Let’s see if this is possible to add roleplaying elements to you 40K games. Pimpcron has big ideas, but do they work?
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Why Add RPG Elements?
I always thought it would be neat to run a narrative 40k campaign with just a small list and tell a story that didn’t involve huge armies. You could solo game it, have a friend join, or run it against a friend or two. If you are familiar at all with a game called Pulp Alley, you know that telling a narrative story with miniatures is possible and can be exciting. If you don’t know about them, go check it out. It’s a good game system and could make a good template for telling a story with 40k models. Also, the fourth edition 40k rulebook had awesome Kill Teams rules that new players won’t know about and that should be the basis of any cool narrative stuff you do. Go on eBay and pick that rulebook up for cheap.
THE best Kill Teams rules, not a joke at all. So good.
Oh, and my game Brutality uses RPG elements to tell a story during battle and I like that idea so much that I based my game around that mechanic. So maybe I’m biased. But many of you have seen Miniwargaming’s narrative campaigns and they tell a good story too. There are many ways to do this, but how ever you do it, I feel like this could really add something to your 40k games.
There Are Some Problems With It
Clearly, 40k is lacking in almost every RPG stats and element that you would need to add RPG elements. But then again, maybe there is something to work with. They have a Movement, Strength, Toughness, Hit Points, Attacks, Weapon Profiles, and Saves. Most of that could be used as stats for RPG rolls. But the real issue is when you try to get to Wisdom or Intelligence. If you plan on using the previously listed stats from 40k for stat checks on a D6, then I would have to suggest a scale for you to use for Wisdom/Intelligence.
- Stupid (Ex: Ogryn)
- Below Average (Orks)
- Average (Tau Fire Warrior)
- Above Average (Space Marine)
- Smart (HQs in general)
- Roll of a 6 always fails
Of course, you could add more and more complexity to this, but I would actually prefer to keep it simple. I would assign a Personality to each unit that would help dictate how they would act during any social interactions, such as talking to the local population for information. This trait would also help you decide how the unit might act in a given situation.
Let’s say you have a Tac Marine squad with “Cautious” as their trait, a Dreadnaught with “Overzealous”, and a Sternguard squad with “Protective”. I just chose words that sounded like they might be neat for this situation. Choose some words that would make things interesting and remember that a 40k race has its stereotypes, but individual units and characters have their own personalities. My example Cautious Tac Squad could have just finished a campaign where they were ambushed around every corner. It doesn’t mean they are cowardly.
Cowardly? These guys don’t run from anything; except their past. Burn.
In combat, it would seem like the Sternguard would always try to defend their allies when a threat comes up. Meanwhile the Dreadnought rushes head-long into danger and the Tact squad stays a little farther back. In a social situation, the Tac squad might be the best unit to get information out of civilians or locals if you want a lighter touch, while the Dreadnaught’s zeal might be the worst unit to try.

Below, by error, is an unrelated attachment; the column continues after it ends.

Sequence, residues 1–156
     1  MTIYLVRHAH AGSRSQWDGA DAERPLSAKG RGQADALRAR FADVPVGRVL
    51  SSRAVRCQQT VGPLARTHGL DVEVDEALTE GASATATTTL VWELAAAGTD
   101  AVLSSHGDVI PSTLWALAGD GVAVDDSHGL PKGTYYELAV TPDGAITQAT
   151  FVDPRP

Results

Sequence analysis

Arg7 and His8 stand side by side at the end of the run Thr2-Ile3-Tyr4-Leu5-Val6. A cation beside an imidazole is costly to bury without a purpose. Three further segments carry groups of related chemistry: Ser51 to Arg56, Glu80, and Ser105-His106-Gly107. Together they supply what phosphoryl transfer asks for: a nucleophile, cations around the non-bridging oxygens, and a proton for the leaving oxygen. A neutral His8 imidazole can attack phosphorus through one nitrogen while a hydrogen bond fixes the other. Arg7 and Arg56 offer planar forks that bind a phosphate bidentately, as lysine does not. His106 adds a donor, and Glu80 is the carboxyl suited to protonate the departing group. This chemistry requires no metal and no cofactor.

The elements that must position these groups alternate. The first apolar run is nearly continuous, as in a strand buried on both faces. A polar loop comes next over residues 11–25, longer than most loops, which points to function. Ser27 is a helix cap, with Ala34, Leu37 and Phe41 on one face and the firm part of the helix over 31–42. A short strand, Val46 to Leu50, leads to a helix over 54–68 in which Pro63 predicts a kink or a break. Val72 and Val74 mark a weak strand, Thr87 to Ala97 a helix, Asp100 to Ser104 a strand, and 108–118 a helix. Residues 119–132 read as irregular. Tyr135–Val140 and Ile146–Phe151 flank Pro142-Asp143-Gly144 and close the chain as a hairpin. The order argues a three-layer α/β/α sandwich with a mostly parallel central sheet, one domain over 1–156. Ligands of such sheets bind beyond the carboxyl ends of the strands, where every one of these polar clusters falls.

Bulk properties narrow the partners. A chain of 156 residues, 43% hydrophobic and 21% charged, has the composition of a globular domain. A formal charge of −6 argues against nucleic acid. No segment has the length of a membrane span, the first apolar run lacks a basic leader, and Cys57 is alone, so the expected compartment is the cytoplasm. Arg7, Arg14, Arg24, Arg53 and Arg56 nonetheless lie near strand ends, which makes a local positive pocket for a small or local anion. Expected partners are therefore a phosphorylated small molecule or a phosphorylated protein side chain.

Some of you might have an issue with doing this because you want well-defined rules. If you have a solo-gaming background it makes it much easier. For most of the gaming population, I’d suggest just assigning one word to describe each unit and if it isn’t clear what they would do in a situation based off their word, roll a D6. On a 3+ they do what you think they’d do. Under that, they do the other thing you weren’t sure if they’d do.
How It Could Work
Here’s my example, follow this template:
“Urgent mission, head to the Starbucks system and retrieve the Latte of Honor. Two sugars.”
A Space Marine Captain gives a Lieutenant the orders to form a small task force to deal with an issue (you choose plot). He gets to hand-select a small group (500 points roughly including himself) to take with him on mission. Each unit including the Lieutenant gets a word describing them. Then you start your campaign.
If a unit is ever wiped out, we will assume they aren’t killed outright but rather just taken out fo the fight via injuries. They will come back next mission after rolling on the wound chart. If they survive a mission with at least one model, they roll on the Rewards Chart. This makes them better as time goes on and it gives a feeling of progression.
Wound Chart Example:
- -1 Toughness
- -1 Strength
- -2 Movement
- -1 Leadership
- -1 Weapon Skill
- -1 Ballistic Skill
Rewards Chart Example:
- +3 inches to Advances and Charges
- Re-roll 1’s to Hit Melee
- 6+ Feel No Pain (or +1 if they have it)
- Additional -1 AP to Ranged and Melee attacks
- +1 Toughness & +1 Strength
- Re-roll To Hit rolls
This could be a lot of fun with one or more people and makes the campaign manageable. What if Tau and Eldar sent a joint task force to accomplish a mission? What if Dark Eldar needed Ork Mercenaries to assist in a secret mission? Try it out, but I would use Pulp Alley as a template if you want a more social-interaction focused story. They have nice rules for that.
Have you ever tried anything like this? Would you?
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